As a retort to Harder’s comments, Guilbeault said that without placing limits on debates it would take “months” for the bill to be debated.

Harder said that the Liberal government is so “determined to rush it though” that they are going as far to “silence” our “voices” by shutting down debate on Bill C-10: “Now, the government doesn’t want any more problems to be discovered with their bill, which is plagued with them by the way, and so now they’re shutting us down. Why?”

Guilbeault responded by saying, “If we continue going at the rate we’re going now, in six months’ time from now the bill would still be in front of the committee.”

Last year, the Trudeau government introduced Guilbeault’s Bill C-10 that would regulate certain online media services through the creation of a new class of broadcaster called “online undertakings.” The new regulations would be done through amendments to Canada’s Broadcasting Act. 

The original draft of Bill C-10 had a Section 4.1 exemption clause for “user content” posted on social media by individuals, meaning such posts would originally have not fallen under CRTC regulations. 

However, a recent amendment to Bill C-10 through the Heritage Committee removed the Section 4.1 provision, which could mean that the federal government will regulate what people post online.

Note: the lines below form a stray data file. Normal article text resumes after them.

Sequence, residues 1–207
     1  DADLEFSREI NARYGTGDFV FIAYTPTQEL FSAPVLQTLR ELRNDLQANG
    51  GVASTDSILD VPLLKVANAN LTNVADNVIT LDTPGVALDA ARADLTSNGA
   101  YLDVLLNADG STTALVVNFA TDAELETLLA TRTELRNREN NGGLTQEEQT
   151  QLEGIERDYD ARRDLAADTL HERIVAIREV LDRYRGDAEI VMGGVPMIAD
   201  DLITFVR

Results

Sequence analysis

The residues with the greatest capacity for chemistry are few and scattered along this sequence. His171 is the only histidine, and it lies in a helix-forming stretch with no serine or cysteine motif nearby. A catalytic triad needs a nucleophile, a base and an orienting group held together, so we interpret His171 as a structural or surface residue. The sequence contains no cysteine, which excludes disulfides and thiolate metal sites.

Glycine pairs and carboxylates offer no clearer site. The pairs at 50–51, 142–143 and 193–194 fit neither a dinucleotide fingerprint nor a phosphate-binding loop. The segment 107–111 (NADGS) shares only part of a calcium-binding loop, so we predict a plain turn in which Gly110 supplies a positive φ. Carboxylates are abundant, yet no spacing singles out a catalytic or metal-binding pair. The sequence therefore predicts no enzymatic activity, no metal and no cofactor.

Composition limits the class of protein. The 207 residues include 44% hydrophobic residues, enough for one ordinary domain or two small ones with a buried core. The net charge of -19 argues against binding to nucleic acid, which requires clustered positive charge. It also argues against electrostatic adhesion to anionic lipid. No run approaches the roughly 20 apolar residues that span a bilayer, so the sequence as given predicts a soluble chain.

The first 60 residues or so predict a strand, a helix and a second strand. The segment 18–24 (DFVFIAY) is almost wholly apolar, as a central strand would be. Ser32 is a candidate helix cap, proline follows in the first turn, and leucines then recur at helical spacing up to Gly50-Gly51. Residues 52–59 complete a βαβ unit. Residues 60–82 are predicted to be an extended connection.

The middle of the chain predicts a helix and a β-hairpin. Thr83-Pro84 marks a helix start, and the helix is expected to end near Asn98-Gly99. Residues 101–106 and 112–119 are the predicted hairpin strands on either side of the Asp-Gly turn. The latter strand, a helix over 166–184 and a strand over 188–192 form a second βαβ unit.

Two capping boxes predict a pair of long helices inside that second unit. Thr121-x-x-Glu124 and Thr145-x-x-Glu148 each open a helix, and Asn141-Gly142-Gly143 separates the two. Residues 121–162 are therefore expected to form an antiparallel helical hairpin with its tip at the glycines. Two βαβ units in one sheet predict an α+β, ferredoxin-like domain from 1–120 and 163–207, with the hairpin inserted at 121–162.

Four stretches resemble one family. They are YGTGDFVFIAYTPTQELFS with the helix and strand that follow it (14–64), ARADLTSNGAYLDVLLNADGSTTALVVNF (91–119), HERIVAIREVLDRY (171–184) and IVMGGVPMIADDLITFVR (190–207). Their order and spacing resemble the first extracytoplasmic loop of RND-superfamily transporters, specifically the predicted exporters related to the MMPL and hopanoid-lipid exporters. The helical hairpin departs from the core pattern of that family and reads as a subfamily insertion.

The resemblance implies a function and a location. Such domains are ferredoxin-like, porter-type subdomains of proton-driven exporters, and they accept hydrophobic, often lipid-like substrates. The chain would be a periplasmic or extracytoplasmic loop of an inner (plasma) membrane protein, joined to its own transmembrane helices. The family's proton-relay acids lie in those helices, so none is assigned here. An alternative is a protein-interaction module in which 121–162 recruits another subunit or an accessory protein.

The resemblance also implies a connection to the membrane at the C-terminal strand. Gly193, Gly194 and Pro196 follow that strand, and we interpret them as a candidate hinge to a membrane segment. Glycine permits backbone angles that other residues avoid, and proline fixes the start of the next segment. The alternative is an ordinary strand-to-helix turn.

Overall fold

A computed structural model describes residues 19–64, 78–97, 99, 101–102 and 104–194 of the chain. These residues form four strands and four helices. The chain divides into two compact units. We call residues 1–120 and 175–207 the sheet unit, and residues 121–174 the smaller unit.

The Liberals, NDP, and Bloc party members recently rejected a CPC amendment to Bill C-10, which would have brought back safeguards for user-generated social media content during a clause-by-clause review of Bill C-10 by the Standing Committee on Canadian Heritage.

Recently, the Heritage Committee put a hold on Bill C-10 until the Department of Justice looked at it to determine whether or not the recent amendments violate one’s free speech granted in the Canadian Charter of Rights and Freedoms with regard to posts on social media. 

After a review, the government said in explanatory note on the bill that it does not impede Canadians’ freedom of speech. 

Bill C-10 has come under fire from the former head of the CRTC, Peter Menzies, who said, “Putting the CRTC in charge of the entire internet, I mean, that’s like putting a logging company in charge of the Great Bear Rainforest … it’s not going to end well.” 

Currently, Bill C-10 is at second reading stage. Parliament is scheduled to wrap up by June 23 for summer break, so the government will likely try to ensure it gets passed in the House of Commons by then. It is unlikely to make it through Canada’s Senate for a full review in that timeframe, however.

In a May 17 open letter addressed to Trudeau, critics called upon the Trudeau government to halt all regulation of the internet, saying there would be “unintended consequences for the free and open internet in Canada” from any “overreaching regulatory policies.”

Guilbeault recently struggled to give a clear answer to justify why a committee he chaired moved to have personal social media posts placed under government oversight.

CPC leader MP Erin O’Toole said a future Conservative government would do away with Bill C-10.